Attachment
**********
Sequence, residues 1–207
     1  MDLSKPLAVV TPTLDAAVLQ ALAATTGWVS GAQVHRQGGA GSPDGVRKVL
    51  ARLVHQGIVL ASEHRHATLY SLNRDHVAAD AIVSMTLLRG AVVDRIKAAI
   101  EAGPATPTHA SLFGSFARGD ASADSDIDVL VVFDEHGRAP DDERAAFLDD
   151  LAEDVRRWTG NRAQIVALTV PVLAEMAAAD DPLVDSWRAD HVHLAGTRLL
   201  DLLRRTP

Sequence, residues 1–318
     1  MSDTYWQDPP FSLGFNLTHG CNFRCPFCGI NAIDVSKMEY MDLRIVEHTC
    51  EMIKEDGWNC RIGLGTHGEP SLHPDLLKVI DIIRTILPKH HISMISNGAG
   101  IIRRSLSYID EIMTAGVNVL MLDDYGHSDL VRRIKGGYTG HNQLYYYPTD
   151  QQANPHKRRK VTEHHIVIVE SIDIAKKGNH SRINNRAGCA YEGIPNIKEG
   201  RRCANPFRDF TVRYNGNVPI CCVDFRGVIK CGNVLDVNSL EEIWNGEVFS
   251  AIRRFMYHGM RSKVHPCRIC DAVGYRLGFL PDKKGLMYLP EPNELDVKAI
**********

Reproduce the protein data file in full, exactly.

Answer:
Sequence, residues 1–207
     1  MDLSKPLAVV TPTLDAAVLQ ALAATTGWVS GAQVHRQGGA GSPDGVRKVL
    51  ARLVHQGIVL ASEHRHATLY SLNRDHVAAD AIVSMTLLRG AVVDRIKAAI
   101  EAGPATPTHA SLFGSFARGD ASADSDIDVL VVFDEHGRAP DDERAAFLDD
   151  LAEDVRRWTG NRAQIVALTV PVLAEMAAAD DPLVDSWRAD HVHLAGTRLL
   201  DLLRRTP

Sequence, residues 1–318
     1  MSDTYWQDPP FSLGFNLTHG CNFRCPFCGI NAIDVSKMEY MDLRIVEHTC
    51  EMIKEDGWNC RIGLGTHGEP SLHPDLLKVI DIIRTILPKH HISMISNGAG
   101  IIRRSLSYID EIMTAGVNVL MLDDYGHSDL VRRIKGGYTG HNQLYYYPTD
   151  QQANPHKRRK VTEHHIVIVE SIDIAKKGNH SRINNRAGCA YEGIPNIKEG
   201  RRCANPFRDF TVRYNGNVPI CCVDFRGVIK CGNVLDVNSL EEIWNGEVFS
   251  AIRRFMYHGM RSKVHPCRIC DAVGYRLGFL PDKKGLMYLP EPNELDVKAI